ABOUT MR. JARVIS: Bill Jarvis is a professional forester and owner of Jarvis Forest Management, a business that manages forests for clients throughout western Maine. He also serves as chief of the Jackman-Moose River Fire & Rescue Department and is the emergency management director for the town of Jackman. He travels this route frequently for his business and in his work as head of the local volunteer fire and rescue department. Speaking recently about his entry, he said that the condition of the road definitely impacts local businesses, many of which rely on visitors who come to travel the Old Canada Road Scenic Byway. This route, he also pointed out, has long been popular with Mainers who have business or family across the border in Canada, and for many people those journeys have gotten longer as they have opted for other, longer and smoother routes to make those trips.  He said: “If the weather’s good, it’s bad. If the weather’s bad, it’s terrible.”


2019 Worst Road in Maine Runners-Up


HIGHWAY NOMINATED: Route 202 from Sanford heading west towards Lebanon.

MR. BARTLETT WROTE: “I had just bought a new used car and was using my old vehicle as a trade-in. As I was taking my old car over to be traded in and to pick up my new car, I hit a pothole on route 202 and blew out my tire. I had to have a tow company come and put a donut on so I could finish driving it [50 miles] to finish trading it in. I had to take $60 less on the trade-in because of the tire being blown. I was not very happy. But at least it didn’t happen to the new car I had just bought.”

ABOUT  MR. BARTLETT: Craig Bartlett is a healthcare worker who also delivers orders for a Waterboro pizza restaurant. He travels “every single day” on that section of Route 202 as he drives his sister to school, because she currently does not have a vehicle of her own. He also drives on that road and others in the area that he says are in pretty tough shape, including sections of Route 5 in Waterboro where he makes a lot of pizza deliveries. Mr. Bartlett said that, while Route 202 is rough and the pothole that caused his tire to blow out this past spring has been filled for “not the first time,” the challenges of driving on rough roads is a big topic of discussion among people he knows. He noted that in the November 4 election, Sanford voters passed a $6.5 million local roads bond by a margin of 2-to-1.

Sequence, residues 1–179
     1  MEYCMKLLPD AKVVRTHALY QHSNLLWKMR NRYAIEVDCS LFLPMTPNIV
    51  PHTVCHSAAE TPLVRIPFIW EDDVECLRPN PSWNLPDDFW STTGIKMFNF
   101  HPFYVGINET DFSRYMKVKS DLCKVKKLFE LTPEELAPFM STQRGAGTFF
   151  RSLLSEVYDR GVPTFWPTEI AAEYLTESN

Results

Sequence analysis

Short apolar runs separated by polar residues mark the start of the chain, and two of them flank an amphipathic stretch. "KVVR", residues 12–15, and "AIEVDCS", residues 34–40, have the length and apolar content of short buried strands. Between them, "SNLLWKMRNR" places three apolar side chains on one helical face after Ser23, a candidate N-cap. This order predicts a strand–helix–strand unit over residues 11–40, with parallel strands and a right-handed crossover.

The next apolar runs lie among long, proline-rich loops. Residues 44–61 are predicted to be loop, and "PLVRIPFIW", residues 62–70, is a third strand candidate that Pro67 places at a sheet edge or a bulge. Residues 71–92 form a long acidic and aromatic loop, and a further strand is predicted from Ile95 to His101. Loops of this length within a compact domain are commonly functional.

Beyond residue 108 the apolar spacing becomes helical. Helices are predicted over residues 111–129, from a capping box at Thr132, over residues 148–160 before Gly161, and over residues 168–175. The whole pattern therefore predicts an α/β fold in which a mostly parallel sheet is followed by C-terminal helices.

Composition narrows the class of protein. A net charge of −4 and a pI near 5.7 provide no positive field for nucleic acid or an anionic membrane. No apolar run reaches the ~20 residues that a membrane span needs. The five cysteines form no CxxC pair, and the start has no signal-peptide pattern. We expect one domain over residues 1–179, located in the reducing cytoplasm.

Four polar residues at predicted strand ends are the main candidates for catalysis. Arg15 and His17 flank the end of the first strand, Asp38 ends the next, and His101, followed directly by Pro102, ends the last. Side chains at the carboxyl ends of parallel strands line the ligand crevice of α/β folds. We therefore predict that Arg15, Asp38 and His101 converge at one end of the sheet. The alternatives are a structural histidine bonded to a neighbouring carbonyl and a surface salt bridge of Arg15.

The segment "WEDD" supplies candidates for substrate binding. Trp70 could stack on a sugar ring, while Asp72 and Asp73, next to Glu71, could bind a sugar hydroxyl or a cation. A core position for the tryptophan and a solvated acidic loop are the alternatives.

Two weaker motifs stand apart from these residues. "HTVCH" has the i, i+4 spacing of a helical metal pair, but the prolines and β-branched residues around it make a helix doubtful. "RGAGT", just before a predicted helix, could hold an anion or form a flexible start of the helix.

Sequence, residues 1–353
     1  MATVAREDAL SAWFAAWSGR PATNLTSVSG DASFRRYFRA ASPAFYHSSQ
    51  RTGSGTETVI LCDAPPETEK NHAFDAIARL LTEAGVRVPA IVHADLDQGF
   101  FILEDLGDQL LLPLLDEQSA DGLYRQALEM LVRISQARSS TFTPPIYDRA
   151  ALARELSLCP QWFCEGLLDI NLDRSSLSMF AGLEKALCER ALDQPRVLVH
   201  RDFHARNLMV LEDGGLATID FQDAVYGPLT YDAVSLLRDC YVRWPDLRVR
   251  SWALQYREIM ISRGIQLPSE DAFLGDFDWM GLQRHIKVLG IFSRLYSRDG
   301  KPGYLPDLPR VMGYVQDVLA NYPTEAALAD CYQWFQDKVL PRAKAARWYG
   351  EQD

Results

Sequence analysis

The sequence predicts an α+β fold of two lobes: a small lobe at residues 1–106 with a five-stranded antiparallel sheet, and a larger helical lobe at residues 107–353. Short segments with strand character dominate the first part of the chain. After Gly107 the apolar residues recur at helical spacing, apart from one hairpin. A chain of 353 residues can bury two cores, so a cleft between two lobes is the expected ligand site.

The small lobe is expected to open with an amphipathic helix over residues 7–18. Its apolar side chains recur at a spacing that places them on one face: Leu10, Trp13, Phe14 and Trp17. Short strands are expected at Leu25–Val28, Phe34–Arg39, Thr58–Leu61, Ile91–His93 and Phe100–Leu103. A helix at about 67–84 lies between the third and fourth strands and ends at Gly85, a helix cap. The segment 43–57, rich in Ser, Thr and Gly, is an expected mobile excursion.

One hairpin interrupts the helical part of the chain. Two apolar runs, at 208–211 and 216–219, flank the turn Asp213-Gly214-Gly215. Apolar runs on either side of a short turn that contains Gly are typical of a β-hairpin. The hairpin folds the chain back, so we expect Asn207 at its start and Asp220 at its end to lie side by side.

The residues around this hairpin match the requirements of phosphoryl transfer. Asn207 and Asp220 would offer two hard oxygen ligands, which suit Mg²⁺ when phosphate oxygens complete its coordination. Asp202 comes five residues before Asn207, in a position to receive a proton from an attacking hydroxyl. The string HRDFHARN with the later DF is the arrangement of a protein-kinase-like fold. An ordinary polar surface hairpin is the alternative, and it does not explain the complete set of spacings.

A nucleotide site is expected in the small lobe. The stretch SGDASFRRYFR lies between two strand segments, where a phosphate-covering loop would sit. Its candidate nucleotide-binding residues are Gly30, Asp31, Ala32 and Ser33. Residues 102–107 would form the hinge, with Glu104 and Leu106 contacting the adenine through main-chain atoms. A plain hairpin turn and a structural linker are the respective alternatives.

HIGHWAY NOMINATED: Presque Isle Street / Route 1A in Fort Fairfield by the Aroostook River Bridge, South Side.

MR. BEIL WROTE: “This “road” is more or less a gravel/crater pit at the time and getting worse with every strut and ball joint it destroys. Cars end up on the wrong side of the road in both directions as they try to avoid the potholes. It’s terrible.

ABOUT MR. BEIL: Matt Beil lives in Limestone and drives about 300 miles every week, including his daily commute to his job as a professional firefighter and EMT for the Presque Isle Fire Department. This stretch of Route 1A in Fort Fairfield is one of the worst he regularly travels when he is on duty for the city of Presque Isle. He said “It’s full of potholes and on Presque Isle Street, some are craters.” Driving it worries him every time, because it’s dangerous. “You have to move over into the other lane to avoid holes. All they have done is filled the holes with cold patch. They have tried to patch up as well as they can but you know it is going to be really bad again.”



HIGHWAY NOMINATED: U.S. Route 1 in Washington County from Chase Mills Road near Gardner Lake past the water fall. The danger zone is right before the bridge and turn off for Washington Academy. MaineDOT was there frequently this past winter, and it didn’t help after the next rain or snow.

MRS. ROY WROTE: “This stretch on Route 1 has been horrible for the locals this year. We all know how bad it is just before the bridge, but our tires still pop. My daughter’s teacher has had two brand new tires blow this season. I’m nervous to bring my car to the garage because the alignment is off, and I think one of the wheel bearing and ball joints are loose. DOT continues to come and put a Band-Aid on it, but each time we have weather, it gets ripped up again. At least being local I know when to slow down to 15 mph, but these tourists that will be coming up soon are going to wreck their rentals. Please help!”

ABOUT MRS. ROY: Caitlyn Roy is a schoolteacher at Rose M. Gaffney Elementary School in Machias. She doesn’t drive much – she goes only about 10 miles to get to school and home. Her husband travels this route, as well, which is part of the most important road in Washington County. She said that many areas of Route 1 are not too bad but this section right after the bridge over the East Machias River, is plagued by runoff after almost every storm. In the winter, the runoff creates a ledge of ice, and it is hard for drivers to pass without having one tire on the ledge of ice and another one hitting a pothole. Throughout last winter, she saw three cars pulled over due to flat tires. MaineDOT has done some culvert work but is not planning to fix the road until 2020-2021.